On the exterior of the museum there are military equipments on display that represented the Korean War. The museum houses a combat room that allows visitors to experience what the soldiers went through during the nights at war time.

May is Family Month - Save 30%!

The Month of May in Korea is often called Family Month. There’s Children’s Day, Parent’s Day, and Teacher’s Day. Korea takes Mother’s Day to a whole different level! On these days you give your Children, Parents and Teachers gifts to show them how much you appreciate them. Children often benefit the most with candy and money being popular gifts. Teachers get quite a lot of gifts as well as they have many students and parents to receive gifts from. And that’s why the month of May is called Family month in Korea!

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Children’s Day - Tylenol’s favorite holiday in Korea

Children’s Day. May 5.

Again with the Love Day reference, this holiday is dedicated to the cute little monsters that plague the countryside and cities. It was founded by the Korea’s answer to Dr. Seuss back in 1923. Its fascination by well-written foreigners knows no limits. Pack up the aspirin because it’s going to be a long day…

Thought Korean kids were spoiled? Today you are so right. Today, Korean children are calling the shots. Highways packed, zoos overcrowded, ice cream screaming for its life…poor little vanilla never had a chance…there will be sweets consumed today. Oh yes. There will be sweets.

Vanilla Ice Cream Doesn't Want To be Eaten

Speaking of spoiled, it might benefit everyone to take a moment and analyze why exactly this is the case. I mean, by some Westerner’s standards, Korean kids are little princes and princesses. We have a maxim in English that comes to mind; “Spare the rod, spoil the child”. Well, plenty of Americans think that this is crap and it basically sets the kid up for failure in the future. I can speak for my family in that my parents did like many others by not giving into a child’s demands. But can I just say that I have been asking for a trampoline for Christmas since I was like four? Lousy Santa has been holding out on me…

Anyways, this cultural difference begs to have another idiom throw around “Can’t see the forest for the trees”. The problem lies in the timing. Korean parents know what they are doing, just as in America, but it’s done a little bit later in life.

In America, we stress at a very early age to be self-reliant. If a five year old can’t tie their own shoes, most would agree that it is better to teach the child as soon as possible instead of just tying it for them. This transition period where the kid can’t figure out why on earth his shoes aren’t already tied (he did say ‘please’ ) is very common in America. It takes a bit more time to teach instead of simply doing, sure. It is stressful for the child and adult but ultimately follows a normative cultural expectation. Remember “Give a man a fish and he’ll eat for a day. Teach a man to fish and he’ll feed himself for a lifetime.” It is in the child’s best interest to learn as soon as possible. Similarly, when a kid acts up in the grocery store, American parents are generally quick to reprimand the child with negative reinforcement in hopes that in the future they will become socialized. I myself once received some negative reinforcement in the form of my mother walking away in disgust whilst leaving my father holding me in his arms crying bloody murder, my big brother eating a box of not-yet-purchased saltine crackers in the shopping basket, and my oldest brother shrieking in terror over the little cartoon devil on the Deviled Ham package. Oh good times at the Piggly Wiggly.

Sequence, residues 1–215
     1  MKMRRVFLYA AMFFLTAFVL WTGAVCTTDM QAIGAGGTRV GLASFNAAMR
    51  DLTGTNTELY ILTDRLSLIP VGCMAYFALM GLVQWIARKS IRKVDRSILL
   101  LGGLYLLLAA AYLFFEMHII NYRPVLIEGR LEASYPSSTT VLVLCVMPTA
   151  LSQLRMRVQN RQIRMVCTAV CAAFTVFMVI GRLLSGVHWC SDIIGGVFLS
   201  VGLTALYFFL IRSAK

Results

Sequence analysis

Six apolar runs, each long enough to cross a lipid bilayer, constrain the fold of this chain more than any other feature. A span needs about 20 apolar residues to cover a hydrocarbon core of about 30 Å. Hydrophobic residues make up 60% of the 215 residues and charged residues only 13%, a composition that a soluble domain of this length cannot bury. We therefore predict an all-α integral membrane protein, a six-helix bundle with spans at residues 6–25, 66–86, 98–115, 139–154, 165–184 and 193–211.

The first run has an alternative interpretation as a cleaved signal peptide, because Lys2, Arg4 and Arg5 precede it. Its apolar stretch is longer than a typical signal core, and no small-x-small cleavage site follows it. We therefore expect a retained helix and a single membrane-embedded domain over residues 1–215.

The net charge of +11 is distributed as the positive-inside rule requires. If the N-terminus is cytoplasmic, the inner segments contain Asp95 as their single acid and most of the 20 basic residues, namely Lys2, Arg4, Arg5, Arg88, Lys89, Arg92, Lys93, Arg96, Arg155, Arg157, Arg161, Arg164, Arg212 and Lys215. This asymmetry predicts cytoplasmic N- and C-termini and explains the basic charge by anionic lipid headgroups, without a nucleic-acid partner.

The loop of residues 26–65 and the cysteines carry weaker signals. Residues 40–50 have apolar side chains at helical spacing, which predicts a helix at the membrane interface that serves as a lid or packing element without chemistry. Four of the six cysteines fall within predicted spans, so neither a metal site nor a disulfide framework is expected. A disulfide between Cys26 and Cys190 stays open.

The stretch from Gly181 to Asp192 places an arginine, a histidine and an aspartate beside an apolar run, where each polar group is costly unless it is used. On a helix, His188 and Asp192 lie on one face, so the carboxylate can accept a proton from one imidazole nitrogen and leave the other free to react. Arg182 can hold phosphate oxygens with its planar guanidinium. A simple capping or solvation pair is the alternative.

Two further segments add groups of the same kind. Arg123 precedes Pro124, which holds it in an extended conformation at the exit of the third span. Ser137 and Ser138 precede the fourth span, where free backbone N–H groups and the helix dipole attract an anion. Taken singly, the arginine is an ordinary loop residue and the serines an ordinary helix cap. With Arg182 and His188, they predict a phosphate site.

Deviled Ham

Where was I? Oh yeah. Well, this is the same in Korea (socialization, not deviled ham). The ultimate goal is to socialize the child. However, until a child in Korea reaches a certain age, they can get away with (relative) murder. Why?

Simply put, their little lives will suck later on in life. Korean adults know this. They know the pressure, they know the concern, they know the shock that will ensue once they hit junior high. So what is a caring parent to do? Let the kids enjoy their childhood. When viewed through a different set of cultural lens, this makes perfect sense.

So, the timing is a little different - American kids get socialized pretty early on while Korean kids get a free pass until primary school. But make no mistake, Korea has social etiquette down to a science and, frankly, puts America to shame in the formal manners department. This isn’t to say that Americans are inherently rude, but it’s a little unfair to battle hundreds of years of detailed, refined social hierarchy. Oh well. We invented the chocolate chip cookie. Live with that, world.

So days like Children’s Day are to celebrate children and allow them to enjoy pleasant memories with family relatives. Yes, a day for children to run free, play games, and just be kids. Just don’t forget the aspirin.


화이트데이 - reverse Valentine’s Day in Korea (White Day)


I’m not entirely comfortable with the name of this holiday. I mean, I’m probably absolutely looking too far into the name of White Day as something bad, but I digress.

Actually, in a different ranting vein, seems that all the holidays on the 14th of each month are kind of like Love Day. White day is another one of these holidays seemingly made by the chocolate companies in order to entice people to buy sweets and candies.

On this particular demi-holiday, men give chocolate sweets to their girlfriends to let them know nothing has changed and you’re still just as cute as you were the day we met although now that i think about it you don’t try as much anymore, you make me feel bad for hanging out with my drinking buddies, and you boss me around more than your little brother but oh well you still like them.

As you can imagine, this day can get a little repetitious for older couples. Just like in America, married couples might exchange more expensive gifts on such couple days to keep with the spirit of the day without resorting the same gift as last year.